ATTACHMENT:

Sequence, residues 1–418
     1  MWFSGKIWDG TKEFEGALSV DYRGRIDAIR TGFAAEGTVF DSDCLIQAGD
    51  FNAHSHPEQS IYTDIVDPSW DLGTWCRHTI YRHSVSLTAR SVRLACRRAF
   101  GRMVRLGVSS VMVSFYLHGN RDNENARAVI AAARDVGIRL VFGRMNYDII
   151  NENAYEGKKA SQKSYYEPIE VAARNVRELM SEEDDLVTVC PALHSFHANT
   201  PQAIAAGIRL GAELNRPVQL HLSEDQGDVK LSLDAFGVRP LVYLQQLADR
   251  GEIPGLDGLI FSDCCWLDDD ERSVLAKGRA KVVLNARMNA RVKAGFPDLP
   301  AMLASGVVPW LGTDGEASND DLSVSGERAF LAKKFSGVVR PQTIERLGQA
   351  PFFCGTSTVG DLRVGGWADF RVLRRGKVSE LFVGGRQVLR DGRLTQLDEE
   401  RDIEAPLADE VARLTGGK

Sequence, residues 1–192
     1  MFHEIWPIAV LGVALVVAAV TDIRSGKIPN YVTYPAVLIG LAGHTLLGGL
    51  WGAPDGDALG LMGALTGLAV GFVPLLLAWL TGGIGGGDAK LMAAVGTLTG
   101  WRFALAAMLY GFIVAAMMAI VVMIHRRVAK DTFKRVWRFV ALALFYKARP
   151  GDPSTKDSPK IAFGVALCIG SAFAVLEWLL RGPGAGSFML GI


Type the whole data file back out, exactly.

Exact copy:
Sequence, residues 1–418
     1  MWFSGKIWDG TKEFEGALSV DYRGRIDAIR TGFAAEGTVF DSDCLIQAGD
    51  FNAHSHPEQS IYTDIVDPSW DLGTWCRHTI YRHSVSLTAR SVRLACRRAF
   101  GRMVRLGVSS VMVSFYLHGN RDNENARAVI AAARDVGIRL VFGRMNYDII
   151  NENAYEGKKA SQKSYYEPIE VAARNVRELM SEEDDLVTVC PALHSFHANT
   201  PQAIAAGIRL GAELNRPVQL HLSEDQGDVK LSLDAFGVRP LVYLQQLADR
   251  GEIPGLDGLI FSDCCWLDDD ERSVLAKGRA KVVLNARMNA RVKAGFPDLP
   301  AMLASGVVPW LGTDGEASND DLSVSGERAF LAKKFSGVVR PQTIERLGQA
   351  PFFCGTSTVG DLRVGGWADF RVLRRGKVSE LFVGGRQVLR DGRLTQLDEE
   401  RDIEAPLADE VARLTGGK

Sequence, residues 1–192
     1  MFHEIWPIAV LGVALVVAAV TDIRSGKIPN YVTYPAVLIG LAGHTLLGGL
    51  WGAPDGDALG LMGALTGLAV GFVPLLLAWL TGGIGGGDAK LMAAVGTLTG
   101  WRFALAAMLY GFIVAAMMAI VVMIHRRVAK DTFKRVWRFV ALALFYKARP
   151  GDPSTKDSPK IAFGVALCIG SAFAVLEWLL RGPGAGSFML GI